For a fairly devout non-believer I’ve spent a relatively large amount of time in churches over the past month. Firstly for my inaugural enrolment as a godfather (fingers crossed at appropriate times) and then twice in 12 hours over the cusp of December 24th & 25th – midnight mass in St Laurence’s in Ludlow and the Christmas morning service in our village church. Feeling non-festive at the close of the shop on the 24th I thought that midnight mass might engender some spirit of the season in me.
Today, on a rare day trip away from both work and home, we had 2 rural churches in the Herefordshire and Gloucestershire border lands in our sights. There was also the additional impetus of a visit to the wonderful Butcher’s Arms in Woolhope for lunch.
All Saint’s in Brockhampton is that rare beast, an Arts & Crafts church. Completed in 1902 and designed by William Lethaby it’s a complicated piece of architecture; making use of thatch, stone and timber, but all executed to such a high standard and sitting so neatly next to each other.
The craftsmanship and attention to detail continues inside: beautiful light fittings (both electric and candle), altar tapestries by Burne-Jones and these amazing hand stitched covers to the prayer books.
The second church on the list was St Mary’s at Kempley was more ancient; boasting the oldest roof of any building in Britain and the most complete set of Romanesque frescoes in Northern Europe. Sadly . . . . those that are habitually programmed to not look for opening hours for churches will find that it is closed until March. So both frescoes and roof will require a re-visit; but the Norman exterior (with add ons) was enough on a sunny January day.
Filed under Art, Buildings, Food
The Sun cropped up in my previous post. I mentioned that drinking in a parlour bar was a bit like drinking in somebody’s front room. Here’s the evidence:
After a few months of planning, the inaugural Marches Supper Society event took place on June 4th. In the lineage of great tabloid reveals, the veil of secrecy can be lifted and I can stand proud as one those behind the moniker. One of my cohorts is less keen on being named and shamed, the other is the estimable Henry Mackley. Of course Observer Food Monthly has already deemed secret supper clubs as passé, but . . . with Shropshire being somewhat behind the curve we can claim to be immune from such metropolitan whims.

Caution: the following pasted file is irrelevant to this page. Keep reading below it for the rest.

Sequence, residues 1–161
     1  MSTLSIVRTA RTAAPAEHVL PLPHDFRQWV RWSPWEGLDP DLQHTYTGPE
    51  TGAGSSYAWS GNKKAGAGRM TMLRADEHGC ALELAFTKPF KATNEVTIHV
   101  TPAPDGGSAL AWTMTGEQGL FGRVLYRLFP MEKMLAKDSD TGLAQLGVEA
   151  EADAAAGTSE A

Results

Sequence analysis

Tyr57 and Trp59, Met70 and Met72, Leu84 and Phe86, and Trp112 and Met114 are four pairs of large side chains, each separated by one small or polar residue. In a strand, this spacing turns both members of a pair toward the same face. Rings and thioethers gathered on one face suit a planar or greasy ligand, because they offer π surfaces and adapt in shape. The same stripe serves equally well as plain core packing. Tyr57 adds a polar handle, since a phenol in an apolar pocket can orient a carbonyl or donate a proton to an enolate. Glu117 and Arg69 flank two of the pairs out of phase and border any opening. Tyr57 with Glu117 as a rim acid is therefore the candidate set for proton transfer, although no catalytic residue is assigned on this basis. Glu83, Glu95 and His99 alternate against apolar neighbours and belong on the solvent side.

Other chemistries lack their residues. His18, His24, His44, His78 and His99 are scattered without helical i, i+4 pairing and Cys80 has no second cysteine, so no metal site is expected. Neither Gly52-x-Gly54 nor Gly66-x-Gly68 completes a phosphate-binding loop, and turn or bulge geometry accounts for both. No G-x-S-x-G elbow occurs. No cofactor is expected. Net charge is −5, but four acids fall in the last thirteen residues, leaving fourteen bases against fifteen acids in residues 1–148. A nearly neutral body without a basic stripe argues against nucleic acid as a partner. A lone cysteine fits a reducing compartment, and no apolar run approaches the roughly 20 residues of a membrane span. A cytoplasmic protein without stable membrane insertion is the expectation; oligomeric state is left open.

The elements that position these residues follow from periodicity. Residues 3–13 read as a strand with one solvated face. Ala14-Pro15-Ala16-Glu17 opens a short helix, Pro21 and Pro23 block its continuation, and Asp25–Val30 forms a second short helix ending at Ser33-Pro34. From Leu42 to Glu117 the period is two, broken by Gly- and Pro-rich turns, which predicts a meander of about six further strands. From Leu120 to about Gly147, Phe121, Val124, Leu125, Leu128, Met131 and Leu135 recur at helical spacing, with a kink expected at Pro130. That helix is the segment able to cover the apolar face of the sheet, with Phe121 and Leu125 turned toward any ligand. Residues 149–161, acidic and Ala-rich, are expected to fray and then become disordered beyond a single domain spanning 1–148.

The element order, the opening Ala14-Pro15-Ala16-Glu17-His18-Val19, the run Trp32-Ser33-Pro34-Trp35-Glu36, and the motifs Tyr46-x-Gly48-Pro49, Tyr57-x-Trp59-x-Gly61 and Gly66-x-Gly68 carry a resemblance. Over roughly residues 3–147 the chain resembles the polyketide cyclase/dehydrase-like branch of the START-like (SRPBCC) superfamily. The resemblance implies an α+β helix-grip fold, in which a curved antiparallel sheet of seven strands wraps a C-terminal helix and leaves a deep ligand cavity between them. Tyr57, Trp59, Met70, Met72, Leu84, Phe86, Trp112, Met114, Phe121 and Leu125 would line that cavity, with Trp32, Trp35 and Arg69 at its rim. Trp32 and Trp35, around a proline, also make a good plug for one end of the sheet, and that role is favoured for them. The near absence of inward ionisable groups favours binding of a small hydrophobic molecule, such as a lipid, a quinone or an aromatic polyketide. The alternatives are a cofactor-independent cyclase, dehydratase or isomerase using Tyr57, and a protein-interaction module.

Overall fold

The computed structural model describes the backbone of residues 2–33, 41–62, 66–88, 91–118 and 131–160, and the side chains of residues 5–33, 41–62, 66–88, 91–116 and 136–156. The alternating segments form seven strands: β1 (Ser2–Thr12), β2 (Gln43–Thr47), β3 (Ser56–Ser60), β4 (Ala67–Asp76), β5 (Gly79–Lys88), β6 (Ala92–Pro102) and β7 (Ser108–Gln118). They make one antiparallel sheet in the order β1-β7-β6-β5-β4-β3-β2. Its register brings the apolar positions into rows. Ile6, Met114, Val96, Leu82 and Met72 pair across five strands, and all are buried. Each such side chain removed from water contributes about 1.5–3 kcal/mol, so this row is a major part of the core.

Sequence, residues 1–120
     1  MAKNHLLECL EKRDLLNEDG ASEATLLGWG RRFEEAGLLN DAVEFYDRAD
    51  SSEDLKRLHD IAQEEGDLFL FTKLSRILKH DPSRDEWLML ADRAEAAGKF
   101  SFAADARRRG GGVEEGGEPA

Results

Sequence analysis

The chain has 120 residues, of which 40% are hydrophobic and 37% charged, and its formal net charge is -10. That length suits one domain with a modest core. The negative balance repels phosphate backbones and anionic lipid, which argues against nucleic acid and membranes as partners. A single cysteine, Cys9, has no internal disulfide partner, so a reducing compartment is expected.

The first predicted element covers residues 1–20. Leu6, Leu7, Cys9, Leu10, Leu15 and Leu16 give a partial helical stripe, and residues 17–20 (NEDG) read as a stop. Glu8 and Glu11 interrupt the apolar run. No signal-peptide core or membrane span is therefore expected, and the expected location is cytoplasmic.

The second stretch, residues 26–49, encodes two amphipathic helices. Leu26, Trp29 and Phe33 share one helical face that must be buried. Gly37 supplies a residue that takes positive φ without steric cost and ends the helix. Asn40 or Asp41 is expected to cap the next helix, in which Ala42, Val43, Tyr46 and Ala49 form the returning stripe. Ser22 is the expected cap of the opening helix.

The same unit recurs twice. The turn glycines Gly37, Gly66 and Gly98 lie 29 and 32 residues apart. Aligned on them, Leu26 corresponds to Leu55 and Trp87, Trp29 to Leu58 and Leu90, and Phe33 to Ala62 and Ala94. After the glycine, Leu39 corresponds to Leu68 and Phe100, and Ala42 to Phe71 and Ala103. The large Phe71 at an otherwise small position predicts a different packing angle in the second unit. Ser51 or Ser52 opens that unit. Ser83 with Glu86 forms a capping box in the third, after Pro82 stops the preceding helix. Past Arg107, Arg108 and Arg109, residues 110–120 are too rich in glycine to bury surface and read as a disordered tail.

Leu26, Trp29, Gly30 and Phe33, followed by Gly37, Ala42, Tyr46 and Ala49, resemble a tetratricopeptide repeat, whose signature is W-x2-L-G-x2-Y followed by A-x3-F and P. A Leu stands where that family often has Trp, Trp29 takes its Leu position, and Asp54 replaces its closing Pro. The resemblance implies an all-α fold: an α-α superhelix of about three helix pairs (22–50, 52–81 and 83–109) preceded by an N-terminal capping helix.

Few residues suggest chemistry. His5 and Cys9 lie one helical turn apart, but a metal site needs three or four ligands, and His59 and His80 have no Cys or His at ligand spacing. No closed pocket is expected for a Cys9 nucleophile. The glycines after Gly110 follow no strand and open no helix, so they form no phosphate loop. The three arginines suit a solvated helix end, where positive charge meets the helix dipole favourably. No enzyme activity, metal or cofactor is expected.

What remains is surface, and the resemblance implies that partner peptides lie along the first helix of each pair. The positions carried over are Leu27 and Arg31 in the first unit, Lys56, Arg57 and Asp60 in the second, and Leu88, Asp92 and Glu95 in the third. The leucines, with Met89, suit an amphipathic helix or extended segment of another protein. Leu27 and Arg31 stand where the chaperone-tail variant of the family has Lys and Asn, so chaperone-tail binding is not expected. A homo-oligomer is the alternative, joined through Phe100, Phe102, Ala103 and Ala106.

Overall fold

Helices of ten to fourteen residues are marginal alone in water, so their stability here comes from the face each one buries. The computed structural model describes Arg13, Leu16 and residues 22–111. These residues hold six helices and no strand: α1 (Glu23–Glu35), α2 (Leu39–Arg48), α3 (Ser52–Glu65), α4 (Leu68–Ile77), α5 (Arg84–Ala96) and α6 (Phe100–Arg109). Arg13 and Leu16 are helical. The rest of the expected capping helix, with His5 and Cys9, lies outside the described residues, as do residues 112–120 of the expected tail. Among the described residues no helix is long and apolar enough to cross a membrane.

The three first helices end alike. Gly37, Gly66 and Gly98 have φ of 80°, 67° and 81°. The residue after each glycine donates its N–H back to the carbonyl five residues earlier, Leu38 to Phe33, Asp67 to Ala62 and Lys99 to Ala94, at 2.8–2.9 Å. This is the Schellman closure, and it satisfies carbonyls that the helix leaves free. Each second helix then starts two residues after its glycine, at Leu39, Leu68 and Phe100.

Our guests on Saturday ate and drank the following. Homemade lemonade w/ raspberries, mint and vodka, roasted almonds, early summer vegetables w/ herby mayonnaise, rabbit, pistachio and prune terrine w/ pickled gherkins and sourdough, roast garlic and pea soup, ham hock w/ broad beans, asparagus and new potatoes, saffron and tomato tart with salad, warm gooseberry cake w/ elderflower ice cream, coffee and shortbread. What lessons have we learnt from this? A functioning dishwasher would be useful, Henry has conquered a fear of playing waiter, some umbellifers smell more ‘fragrant’ than others and should not be included in any table decorations and . . . there’s a demand for what we are doing.
Some of our guests knew each already other but everyone seemed to be getting on from our kitchen viewpoint. I think we will be doing it again.
We’re planning to make it a monthly happening, not necessarily in the same venue – it would be nice to mix up this element of the endeavour – but keeping it local, and sticking to our combined ideas of what good food (and a good menu) constitutes.
(thanks to Sian for the photo)
I’ve written before about my near obsession with old postcards. I’ve finally found a sensible use for (one of) them. Cue the first proper bit of Black Bough publicity material – the unofficial tourist postcard. Not sure the tourist board would want images of 1970s Ludlow to become the mainstay of their attempts to draw visitors to the town, but I wish they did. Apparently the original image of the postcard must date from post August 1972; number plate dating will be as widespread a technique for future historians as carbon dating and counting tree rings are now . . . maybe.
Put together with the help of the ever patient Mr Sean Alexander,
Stop laughing at the back.
Not sure I’m quite ready to deal with the preparation and cooking of tongue myself. But while others (that I trust) are willing to do it, I am willing to eat it. Particularly when it comes in the format below; with some exemplary sourdough and a generous amount of homemade herby mayonnaise. Not my own sourdough note – but there have been big improvements on that front.
This week’s day off thus centred around lunch at the Green Cafe. We had made it to Shobdon Church beforehand – following an article in World of Interiors earlier in the year (at the end of last year?) – however such is the extent of the renovations that the bulk of the Strawberry Hill Gothic interior is not viewable. Did however chance upon a huge walled garden by the church (inaccessible but oh so tempting) and a field of blackcurrant bushes – my favourite summer fruit and an excuse to go back, check on the church renovations and sneak a handful of currants.
Not to be confused with a day in the life of a Pet Shop Boy, which I imagine is slightly more . . . metropolitan . . . shall we say.
Was tempted to continue this post with the deft insertion of lots of Pet Shop Boy song titles, however . . . I gave up.
See below for a virtuoso demonstration of the art of how it should be done.